AbeBooks recognizes the potential of m-commerce, which is why it conducted its experiment. To promote the test program, it sent employees to 30 college campuses to get students out of bookstores and onto AbeBooks.com. It also wrote about the text-based service in its e-newsletter for students and on its web site.
The text message program worked with most mobile phone carriers; each carrier’s standard text messaging fees applied. AbeBooks hired mobile technology company Cnition, which used AbeBooks’ application program interface to build a program that enabled text messages to query the e-retailer’s database. Total costs for the test hit about $1,000 a month.
E-retailer BikeSomeWhere.com decided to dive into m-commerce, choosing not text messaging but a mobile version of its standard site. Like AbeBooks, the bicycle e-retailer is using its mobile offering to lure shoppers away from competitors’ stores. It built its m-commerce site-launched in April 2007-which enables shoppers to not just obtain product and pricing information but also buy bicycles and gear via their phones. The site today is averaging a few hundred visitors a week.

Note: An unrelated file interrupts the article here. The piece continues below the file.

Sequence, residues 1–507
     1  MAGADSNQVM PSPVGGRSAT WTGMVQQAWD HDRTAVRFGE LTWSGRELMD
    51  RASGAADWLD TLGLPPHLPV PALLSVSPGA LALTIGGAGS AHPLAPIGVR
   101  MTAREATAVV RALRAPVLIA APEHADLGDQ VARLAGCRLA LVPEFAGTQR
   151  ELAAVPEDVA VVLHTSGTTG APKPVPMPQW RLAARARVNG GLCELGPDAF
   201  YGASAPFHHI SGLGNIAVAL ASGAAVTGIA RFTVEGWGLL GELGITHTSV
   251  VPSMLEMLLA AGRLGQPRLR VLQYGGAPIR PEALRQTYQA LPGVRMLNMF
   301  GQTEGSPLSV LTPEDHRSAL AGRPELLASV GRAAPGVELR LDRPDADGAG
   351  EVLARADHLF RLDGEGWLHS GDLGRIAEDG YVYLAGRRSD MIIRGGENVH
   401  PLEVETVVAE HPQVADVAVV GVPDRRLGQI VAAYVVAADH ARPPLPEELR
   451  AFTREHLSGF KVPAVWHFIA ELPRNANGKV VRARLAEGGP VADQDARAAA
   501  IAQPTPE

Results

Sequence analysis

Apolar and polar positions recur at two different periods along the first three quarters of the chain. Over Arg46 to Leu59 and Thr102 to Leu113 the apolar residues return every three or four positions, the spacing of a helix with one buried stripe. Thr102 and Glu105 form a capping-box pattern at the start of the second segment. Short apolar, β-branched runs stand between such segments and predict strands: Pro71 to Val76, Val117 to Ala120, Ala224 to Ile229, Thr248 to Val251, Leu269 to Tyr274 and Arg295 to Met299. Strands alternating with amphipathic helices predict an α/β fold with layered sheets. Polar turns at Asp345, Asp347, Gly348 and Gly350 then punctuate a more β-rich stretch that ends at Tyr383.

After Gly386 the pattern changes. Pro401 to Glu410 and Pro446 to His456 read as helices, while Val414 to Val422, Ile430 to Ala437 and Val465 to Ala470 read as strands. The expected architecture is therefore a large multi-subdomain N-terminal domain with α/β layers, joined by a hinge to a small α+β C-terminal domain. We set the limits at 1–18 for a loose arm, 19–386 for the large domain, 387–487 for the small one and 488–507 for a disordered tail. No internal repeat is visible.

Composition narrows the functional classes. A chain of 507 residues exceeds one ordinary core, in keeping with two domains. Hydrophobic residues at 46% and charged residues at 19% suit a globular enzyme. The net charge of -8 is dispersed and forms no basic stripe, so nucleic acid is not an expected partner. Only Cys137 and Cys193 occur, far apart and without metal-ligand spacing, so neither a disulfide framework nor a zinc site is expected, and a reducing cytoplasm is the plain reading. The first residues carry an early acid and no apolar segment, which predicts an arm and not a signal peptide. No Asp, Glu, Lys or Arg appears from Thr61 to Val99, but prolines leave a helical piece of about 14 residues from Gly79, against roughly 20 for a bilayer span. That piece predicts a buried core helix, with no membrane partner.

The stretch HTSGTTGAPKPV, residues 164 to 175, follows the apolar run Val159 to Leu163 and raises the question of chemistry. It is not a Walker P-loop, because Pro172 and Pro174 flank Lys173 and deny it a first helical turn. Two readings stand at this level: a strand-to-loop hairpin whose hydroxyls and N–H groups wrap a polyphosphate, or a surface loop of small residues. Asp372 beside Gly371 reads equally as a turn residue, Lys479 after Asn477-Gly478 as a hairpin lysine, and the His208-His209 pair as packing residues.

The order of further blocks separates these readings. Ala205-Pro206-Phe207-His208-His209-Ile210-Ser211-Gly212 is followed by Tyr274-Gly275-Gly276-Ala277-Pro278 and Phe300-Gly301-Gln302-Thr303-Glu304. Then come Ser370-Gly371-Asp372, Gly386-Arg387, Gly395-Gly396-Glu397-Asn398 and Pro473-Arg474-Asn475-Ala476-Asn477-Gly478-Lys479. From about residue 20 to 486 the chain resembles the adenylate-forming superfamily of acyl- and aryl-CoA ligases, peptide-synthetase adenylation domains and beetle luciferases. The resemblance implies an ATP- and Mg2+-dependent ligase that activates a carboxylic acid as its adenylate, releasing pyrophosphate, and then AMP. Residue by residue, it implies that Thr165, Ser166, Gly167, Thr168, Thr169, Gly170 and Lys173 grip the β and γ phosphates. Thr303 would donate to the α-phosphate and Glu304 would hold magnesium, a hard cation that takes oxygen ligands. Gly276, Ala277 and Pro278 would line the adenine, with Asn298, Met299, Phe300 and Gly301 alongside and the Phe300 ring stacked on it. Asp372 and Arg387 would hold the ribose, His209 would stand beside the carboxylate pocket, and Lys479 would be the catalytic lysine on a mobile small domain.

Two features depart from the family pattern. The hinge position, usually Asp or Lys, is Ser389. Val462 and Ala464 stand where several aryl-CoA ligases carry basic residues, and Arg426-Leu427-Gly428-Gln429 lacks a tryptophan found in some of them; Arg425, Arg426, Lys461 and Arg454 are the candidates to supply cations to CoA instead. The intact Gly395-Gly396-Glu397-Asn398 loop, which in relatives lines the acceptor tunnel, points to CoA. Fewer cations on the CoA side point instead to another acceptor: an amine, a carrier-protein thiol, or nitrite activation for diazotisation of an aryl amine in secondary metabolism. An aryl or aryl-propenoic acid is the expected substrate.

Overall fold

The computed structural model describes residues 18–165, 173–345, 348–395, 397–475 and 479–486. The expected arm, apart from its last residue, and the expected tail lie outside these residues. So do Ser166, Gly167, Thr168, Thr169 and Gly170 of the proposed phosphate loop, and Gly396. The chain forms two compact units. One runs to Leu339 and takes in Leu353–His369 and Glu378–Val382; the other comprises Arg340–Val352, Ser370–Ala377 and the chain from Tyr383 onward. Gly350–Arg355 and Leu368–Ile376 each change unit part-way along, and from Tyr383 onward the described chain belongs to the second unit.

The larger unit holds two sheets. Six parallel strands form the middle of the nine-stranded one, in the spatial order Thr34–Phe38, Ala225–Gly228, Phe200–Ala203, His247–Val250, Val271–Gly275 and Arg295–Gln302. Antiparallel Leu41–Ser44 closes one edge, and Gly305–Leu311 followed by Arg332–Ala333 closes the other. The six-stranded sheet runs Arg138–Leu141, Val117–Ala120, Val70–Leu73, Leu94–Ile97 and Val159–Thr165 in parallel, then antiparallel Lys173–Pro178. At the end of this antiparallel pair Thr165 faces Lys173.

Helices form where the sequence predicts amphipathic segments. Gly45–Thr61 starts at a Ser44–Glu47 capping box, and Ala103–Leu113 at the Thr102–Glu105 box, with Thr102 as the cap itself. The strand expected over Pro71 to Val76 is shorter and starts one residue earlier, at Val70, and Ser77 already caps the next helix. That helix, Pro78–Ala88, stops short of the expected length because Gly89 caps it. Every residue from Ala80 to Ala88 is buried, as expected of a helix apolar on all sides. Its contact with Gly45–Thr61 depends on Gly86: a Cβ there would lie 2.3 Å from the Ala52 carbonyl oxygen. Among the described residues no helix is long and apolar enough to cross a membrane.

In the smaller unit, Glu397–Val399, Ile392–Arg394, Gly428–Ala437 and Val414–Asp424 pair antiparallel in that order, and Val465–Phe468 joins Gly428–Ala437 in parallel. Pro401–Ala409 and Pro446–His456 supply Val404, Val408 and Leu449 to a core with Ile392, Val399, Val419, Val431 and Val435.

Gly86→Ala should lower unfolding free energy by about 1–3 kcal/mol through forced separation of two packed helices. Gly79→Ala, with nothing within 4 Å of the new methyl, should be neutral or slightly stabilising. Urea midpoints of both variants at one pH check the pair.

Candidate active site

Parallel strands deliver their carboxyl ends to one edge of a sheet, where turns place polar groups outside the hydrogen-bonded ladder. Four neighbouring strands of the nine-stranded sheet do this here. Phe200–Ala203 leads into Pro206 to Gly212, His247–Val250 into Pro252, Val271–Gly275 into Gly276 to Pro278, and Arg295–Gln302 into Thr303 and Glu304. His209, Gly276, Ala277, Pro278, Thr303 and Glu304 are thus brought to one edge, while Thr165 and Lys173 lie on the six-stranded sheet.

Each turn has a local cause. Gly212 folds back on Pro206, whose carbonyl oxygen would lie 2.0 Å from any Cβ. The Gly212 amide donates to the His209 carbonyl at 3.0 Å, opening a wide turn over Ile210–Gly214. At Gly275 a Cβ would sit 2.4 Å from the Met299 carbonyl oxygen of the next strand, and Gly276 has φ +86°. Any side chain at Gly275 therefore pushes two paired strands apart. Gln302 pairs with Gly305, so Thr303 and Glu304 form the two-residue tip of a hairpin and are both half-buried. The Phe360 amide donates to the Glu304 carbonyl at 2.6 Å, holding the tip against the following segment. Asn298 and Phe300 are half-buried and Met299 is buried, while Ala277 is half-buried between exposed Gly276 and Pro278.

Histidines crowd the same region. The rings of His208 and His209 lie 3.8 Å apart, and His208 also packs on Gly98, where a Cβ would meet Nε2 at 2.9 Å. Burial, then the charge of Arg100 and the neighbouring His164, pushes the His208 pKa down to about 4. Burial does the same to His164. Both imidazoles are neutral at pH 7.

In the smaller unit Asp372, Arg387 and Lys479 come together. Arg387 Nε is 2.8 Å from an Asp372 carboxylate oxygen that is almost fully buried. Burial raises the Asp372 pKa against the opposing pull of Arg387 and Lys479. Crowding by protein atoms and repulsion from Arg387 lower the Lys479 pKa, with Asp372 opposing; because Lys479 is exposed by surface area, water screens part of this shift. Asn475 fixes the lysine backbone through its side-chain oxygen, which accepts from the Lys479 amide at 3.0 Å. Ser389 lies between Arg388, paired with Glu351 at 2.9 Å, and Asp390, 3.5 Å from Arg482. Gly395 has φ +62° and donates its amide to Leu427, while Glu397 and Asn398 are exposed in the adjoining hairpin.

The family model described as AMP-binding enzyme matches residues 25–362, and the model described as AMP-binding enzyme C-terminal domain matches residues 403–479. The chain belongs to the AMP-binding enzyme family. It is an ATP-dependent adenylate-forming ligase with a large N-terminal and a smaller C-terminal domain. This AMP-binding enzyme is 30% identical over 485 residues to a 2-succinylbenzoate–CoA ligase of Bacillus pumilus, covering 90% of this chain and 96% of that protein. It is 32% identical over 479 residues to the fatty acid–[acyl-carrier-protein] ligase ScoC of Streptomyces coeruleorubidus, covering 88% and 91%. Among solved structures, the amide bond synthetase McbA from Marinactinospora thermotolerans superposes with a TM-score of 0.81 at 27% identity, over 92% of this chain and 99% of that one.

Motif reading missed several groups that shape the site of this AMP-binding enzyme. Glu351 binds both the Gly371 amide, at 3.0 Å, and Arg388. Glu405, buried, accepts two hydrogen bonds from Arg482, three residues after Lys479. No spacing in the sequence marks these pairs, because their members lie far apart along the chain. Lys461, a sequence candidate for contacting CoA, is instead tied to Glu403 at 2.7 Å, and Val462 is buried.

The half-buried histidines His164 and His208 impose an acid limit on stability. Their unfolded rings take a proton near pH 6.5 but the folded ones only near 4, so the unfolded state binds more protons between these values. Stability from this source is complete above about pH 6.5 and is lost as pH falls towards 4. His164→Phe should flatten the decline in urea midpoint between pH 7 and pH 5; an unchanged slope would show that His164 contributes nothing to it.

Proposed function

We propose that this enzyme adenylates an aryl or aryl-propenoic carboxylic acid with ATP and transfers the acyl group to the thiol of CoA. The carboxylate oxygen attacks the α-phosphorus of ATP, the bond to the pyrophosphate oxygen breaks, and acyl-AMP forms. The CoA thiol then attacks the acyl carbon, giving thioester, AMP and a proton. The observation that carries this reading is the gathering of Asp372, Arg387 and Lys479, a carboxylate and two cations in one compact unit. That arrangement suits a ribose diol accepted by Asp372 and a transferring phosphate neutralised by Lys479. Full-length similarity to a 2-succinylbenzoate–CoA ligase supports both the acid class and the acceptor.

“We tell our customers when you are in your local bike shop, look us up, look at the same product, and nine times out of 10 we’ll have a better price. Products will show up at your door, you do not have to pay sales tax, and we offer free shipping for orders over $75,” says Jeff Stone, president. “Even if shoppers do not place an order on the mobile site at that moment, they can use the site as a tool to make a decision and then call us or order it online later.”
BikeSomeWhere.com paid $500 to vendor mPoria Inc. to create the mobile site and pays $100 to $150 a month for ongoing services. The e-retailer has spread the word about its mobile site through five e-mail marketing campaigns to customers.
It also advertises the mobile store on its home page and all sales receipts. Further, it has purchased ads associated with keyword search terms through Google AdWords. It selected generic keywords such as bicycle and bike because it is trying to get mobile searchers to its home page as opposed to individual product pages, Stone explains.